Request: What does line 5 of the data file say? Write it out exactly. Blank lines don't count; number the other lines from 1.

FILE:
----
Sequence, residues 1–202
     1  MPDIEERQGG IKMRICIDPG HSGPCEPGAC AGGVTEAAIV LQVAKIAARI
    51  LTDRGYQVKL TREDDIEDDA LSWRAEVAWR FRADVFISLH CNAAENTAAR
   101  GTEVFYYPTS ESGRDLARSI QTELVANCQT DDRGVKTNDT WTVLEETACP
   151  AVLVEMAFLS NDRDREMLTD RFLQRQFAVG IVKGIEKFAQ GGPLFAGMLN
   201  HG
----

   151  AVLVEMAFLS NDRDREMLTD RFLQRQFAVG IVKGIEKFAQ GGPLFAGMLN